FDA Approves Genetically Engineered Salmon For Consumption, Labeling Not Required

In a historic decision, the US Food and Drug Administration has approved the first genetically modified animal for consumption, a salmon engineered by a company called AquaBounty Technologies.

The fish, known as the AquAdvantage salmon, is a modified form of the Atlantic salmon that can grow to market size in half the time as a non-engineered, farmed salmon. The fish will take at least two more years to reach consumers, though some major supermarkets, like Kroger and Safeway, have already pledged not to sell the engineered salmon. Trader Joe's and Whole Foods have also promised not to carry AquAdvantage salmon.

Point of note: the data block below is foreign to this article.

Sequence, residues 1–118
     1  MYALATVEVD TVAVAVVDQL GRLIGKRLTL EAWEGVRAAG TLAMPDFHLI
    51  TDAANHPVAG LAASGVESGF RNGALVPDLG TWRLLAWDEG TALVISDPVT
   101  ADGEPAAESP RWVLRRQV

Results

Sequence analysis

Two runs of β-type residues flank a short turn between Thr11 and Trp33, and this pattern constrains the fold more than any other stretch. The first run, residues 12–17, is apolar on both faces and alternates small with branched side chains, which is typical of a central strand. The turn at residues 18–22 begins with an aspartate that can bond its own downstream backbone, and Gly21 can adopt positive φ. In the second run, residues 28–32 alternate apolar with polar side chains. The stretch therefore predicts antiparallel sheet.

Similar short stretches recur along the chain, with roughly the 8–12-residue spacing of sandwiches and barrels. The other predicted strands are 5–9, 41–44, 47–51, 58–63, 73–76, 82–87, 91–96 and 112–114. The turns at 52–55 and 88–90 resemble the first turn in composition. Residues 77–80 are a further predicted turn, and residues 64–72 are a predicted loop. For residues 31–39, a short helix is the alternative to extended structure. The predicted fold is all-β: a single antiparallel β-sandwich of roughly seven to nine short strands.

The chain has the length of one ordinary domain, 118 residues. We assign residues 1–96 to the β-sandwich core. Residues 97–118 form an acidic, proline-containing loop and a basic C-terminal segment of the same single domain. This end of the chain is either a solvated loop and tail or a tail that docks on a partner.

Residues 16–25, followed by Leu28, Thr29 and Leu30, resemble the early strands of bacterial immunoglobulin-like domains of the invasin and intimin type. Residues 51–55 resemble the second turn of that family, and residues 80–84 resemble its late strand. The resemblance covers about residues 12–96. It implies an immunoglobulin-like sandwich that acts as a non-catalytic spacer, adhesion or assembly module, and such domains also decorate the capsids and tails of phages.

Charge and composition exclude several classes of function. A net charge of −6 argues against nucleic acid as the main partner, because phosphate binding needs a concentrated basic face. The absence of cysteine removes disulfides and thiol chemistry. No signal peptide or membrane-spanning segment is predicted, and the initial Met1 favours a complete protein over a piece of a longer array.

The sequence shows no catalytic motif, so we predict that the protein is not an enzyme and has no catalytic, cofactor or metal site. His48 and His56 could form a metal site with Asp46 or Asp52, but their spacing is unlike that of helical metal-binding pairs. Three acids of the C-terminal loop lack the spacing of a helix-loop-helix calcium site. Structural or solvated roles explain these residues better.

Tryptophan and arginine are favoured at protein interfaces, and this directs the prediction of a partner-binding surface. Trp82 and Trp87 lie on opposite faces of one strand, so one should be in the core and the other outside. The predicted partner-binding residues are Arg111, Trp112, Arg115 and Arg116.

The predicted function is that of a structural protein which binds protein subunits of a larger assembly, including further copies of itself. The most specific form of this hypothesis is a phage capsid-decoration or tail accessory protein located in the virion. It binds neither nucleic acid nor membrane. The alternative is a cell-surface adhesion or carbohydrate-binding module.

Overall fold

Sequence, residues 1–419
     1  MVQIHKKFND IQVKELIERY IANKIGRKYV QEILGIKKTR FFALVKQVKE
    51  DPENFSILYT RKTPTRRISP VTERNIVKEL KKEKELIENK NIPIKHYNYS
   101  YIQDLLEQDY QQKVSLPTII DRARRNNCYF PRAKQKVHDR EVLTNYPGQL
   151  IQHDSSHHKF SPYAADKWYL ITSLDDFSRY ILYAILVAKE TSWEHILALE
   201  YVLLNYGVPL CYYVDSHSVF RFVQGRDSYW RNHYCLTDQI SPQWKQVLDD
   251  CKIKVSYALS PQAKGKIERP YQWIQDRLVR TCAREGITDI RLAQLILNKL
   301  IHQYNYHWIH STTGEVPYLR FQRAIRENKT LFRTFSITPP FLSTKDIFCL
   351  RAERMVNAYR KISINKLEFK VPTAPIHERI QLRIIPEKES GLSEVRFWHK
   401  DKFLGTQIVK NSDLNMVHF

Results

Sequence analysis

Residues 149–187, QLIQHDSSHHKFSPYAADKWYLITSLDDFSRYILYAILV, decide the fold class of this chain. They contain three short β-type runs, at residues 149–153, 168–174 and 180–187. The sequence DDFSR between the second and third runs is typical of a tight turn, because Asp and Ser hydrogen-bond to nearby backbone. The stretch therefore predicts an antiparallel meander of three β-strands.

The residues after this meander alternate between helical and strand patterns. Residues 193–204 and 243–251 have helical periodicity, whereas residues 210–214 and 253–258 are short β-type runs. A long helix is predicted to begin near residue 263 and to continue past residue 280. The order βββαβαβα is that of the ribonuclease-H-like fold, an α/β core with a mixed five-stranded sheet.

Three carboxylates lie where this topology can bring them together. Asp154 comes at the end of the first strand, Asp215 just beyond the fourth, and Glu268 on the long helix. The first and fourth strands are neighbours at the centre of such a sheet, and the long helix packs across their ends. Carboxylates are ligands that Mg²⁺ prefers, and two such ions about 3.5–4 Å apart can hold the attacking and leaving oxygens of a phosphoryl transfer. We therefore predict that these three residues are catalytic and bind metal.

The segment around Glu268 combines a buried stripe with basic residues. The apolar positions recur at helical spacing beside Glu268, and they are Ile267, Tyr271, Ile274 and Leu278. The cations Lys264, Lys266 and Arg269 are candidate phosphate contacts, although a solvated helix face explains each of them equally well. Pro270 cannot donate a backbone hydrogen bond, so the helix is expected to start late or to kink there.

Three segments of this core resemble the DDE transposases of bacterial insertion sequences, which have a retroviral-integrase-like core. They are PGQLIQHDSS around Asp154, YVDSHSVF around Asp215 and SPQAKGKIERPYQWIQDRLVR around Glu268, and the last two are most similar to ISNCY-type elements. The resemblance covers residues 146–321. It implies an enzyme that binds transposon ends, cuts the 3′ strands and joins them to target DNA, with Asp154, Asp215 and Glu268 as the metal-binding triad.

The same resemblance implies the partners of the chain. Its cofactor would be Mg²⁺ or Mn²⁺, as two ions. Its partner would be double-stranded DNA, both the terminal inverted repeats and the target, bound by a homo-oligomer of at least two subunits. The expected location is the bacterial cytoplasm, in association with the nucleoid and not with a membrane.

In a statement, the FDA said that it had "thoroughly analyzed and evaluated the data and information submitted by AquaBounty regarding the AquAdvantage salmon and determined that they have met the regulatory requirements for approval, including that food from the fish is safe to eat."

The news has prompted no small amount of concern from consumers, public health experts, and environmental groups, especially given that the salmon will not have to be labeled as being genetically engineered. Companies could, however, choose to label the salmon, the FDA said.

At the moment, AquaBounty's only approved production facility is in Panama. The facility is capable of producing roughly 100 tons of fish per year — compared to the more than 200,000 tons of Atlantic salmon imported annually into the U.S. — but the company will look to build another hatchery in the United States and expand its hatchery in Canada, which supplies the Panama facility.